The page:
If there are directions included with your tea packaging, definitely use them, but if not, we have some basic recommendations. Please test for yourself and find the best ratio and temperature for your favorite teas, these are not meant to be the final word.
Tea to Water Ratio
- 1 tablespoon of large-leaf tea per 8 ounces of water.
- 1 tablespoon of herbal tea per 1 cup of water.
Water Temperatures for Tea
The boiling point of water is 212°F or 100°C, but almost all teas are best steeped at temperatures below that. If you do not have an electric kettle with temperature control or a thermometer, the best thing to do is to take your kettle off the heat for a few minutes to reduce the temperature.
- Black Tea Temperature: 208° – Boiling
- Green Tea Temperature: 170°F – 185°F
- Oolong Tea Temperature: 180°F – 190°F
- White Tea Temperature: 170°F – 185°F
- Herbal Tea Temperature: 208° – Boiling
Steep Times for Tea
Different teas require different steep times to extract everything out of the leaves and infuse the final result with everything the tea has to offer. However, over-extraction can make for a bitter cup of tea. Steeping time will strongly affect the taste of the tea; longer steep times will create a stronger cup.
- Black Tea Steeping: 4-6 minutes
- Green Tea Steeping: 2-4 minutes
- Oolong Tea Steeping: 5-8 minutes
- White Tea Steeping: 4-6 minutes
- Herbal Tea Steeping: Approximately 5 minutes. With a large amount of different types of herbal teas, this is hard to nail down. Start with 5 minutes and judge for yourself.
Different Kinds of Tea Infusers
Basket Tea Infusers
A basket tea infuser like the Finum Mesh Brewing Basket is an excellent choice when brewing tea in a large tea cup, mug, or small teapot. Basket tea infusers rest on the edges of a mug, and with their wide amount of space allow the tea leaves to fully expand while steeping. Be sure that they are made of a material that will let enough water through.
Metal mesh basket tea infusers are great choices for all types of teas. They have a large enough area that will let loose leaf tea leaves fully expand, but the tight weave also keeps small herbal additions of mixed teas from falling into the teacup.
Punched-hole basket tea infusers are not generally recommended, as there are usually not enough holes to let water flow over the leaves naturally. Many times the holes are too large for smaller herbal mixes.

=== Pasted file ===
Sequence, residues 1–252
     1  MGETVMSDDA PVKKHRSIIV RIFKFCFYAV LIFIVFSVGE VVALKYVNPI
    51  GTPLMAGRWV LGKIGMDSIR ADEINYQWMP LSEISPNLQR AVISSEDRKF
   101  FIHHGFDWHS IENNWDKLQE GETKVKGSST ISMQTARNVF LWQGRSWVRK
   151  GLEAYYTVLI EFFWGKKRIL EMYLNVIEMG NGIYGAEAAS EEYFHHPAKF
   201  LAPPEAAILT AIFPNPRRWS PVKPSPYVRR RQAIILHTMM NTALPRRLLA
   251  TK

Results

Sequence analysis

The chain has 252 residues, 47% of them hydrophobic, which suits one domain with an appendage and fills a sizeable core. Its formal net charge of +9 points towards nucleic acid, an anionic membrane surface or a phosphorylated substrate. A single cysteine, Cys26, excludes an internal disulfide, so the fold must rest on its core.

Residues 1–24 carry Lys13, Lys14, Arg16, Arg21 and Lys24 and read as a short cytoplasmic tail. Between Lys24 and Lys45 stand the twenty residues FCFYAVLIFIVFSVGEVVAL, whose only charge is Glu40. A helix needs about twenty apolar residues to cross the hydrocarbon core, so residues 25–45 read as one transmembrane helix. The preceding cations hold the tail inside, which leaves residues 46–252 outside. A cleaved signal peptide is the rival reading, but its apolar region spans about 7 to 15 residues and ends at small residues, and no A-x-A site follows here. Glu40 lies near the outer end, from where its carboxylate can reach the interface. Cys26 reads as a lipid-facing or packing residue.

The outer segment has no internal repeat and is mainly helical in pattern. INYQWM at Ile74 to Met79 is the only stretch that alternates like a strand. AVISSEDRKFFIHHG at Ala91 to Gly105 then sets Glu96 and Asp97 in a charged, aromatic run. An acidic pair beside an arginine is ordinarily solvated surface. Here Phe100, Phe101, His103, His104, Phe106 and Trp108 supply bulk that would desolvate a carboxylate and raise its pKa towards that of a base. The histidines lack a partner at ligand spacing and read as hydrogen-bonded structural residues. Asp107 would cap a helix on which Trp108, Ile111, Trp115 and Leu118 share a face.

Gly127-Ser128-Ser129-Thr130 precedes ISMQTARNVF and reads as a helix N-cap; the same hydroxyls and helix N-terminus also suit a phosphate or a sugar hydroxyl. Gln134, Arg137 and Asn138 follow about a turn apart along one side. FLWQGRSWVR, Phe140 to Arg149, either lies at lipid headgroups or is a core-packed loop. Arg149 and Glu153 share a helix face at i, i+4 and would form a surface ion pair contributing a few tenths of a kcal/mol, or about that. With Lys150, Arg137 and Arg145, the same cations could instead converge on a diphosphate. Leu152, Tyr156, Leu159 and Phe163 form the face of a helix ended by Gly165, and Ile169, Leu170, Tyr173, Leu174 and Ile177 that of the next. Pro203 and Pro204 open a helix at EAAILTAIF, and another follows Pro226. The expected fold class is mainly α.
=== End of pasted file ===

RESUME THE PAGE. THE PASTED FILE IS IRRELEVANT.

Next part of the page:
Tea Ball Infusers
The metal tea ball has been a very popular form of tea infuser since around 1900. The simple process of scooping tea into half a ball and sealing it, then dropping it into a hot cup of water, is very appealing for those who appreciate the easy tea bag. They are usually made from a metal mesh that allows water flow through the tea inside.
While very useful in the general sense, tea ball infusers are not recommended for loose leaf teas. Even though only half of the ball is filled, the tea leaves are still quite condensed and not able to expand completely. That being said, tea balls can be very effective with fruit-based herbal teas and blends that do not contain large tea leaves.
Silicone Tea Infusers
Created from heat-resistant silicone, these tea infusers can be created in almost any shape to add a whimsical moment when making a cup of tea. From animal designs to flowers and geometric shapes, silicone tea infusers are able to add a little extra something that standard metal infusers cannot.
One of the main concerns with a silicone infuser is the size and amount of holes that are on the body. When looking for tea infusers, try to approximate the amount of water flow and hole size needed for your most loved teas.
Spoon Tea Infusers
Tea ball infusers are normally closed by a screw action, but the spoon style tea infuser uses a spring lever to close itself. The manufacture, size, and shape are normally the same as a tea ball infuser, and as such have the same pros and cons.
The purpose of a tea infuser is to extract the most flavor out of tea leaves while straining them, keeping the leaves away from the bottom of your cup. Using a tea infuser can be the step that elevates a good cup to a great cup of tea.
Scott is the founder of TeaMinded. He enjoys tasting and discovering teas from across the globe, with green teas and ceremonial matcha from Japan being among his favorites. He’s grateful to be immersed in the tea community, always learning and sharing along the journey.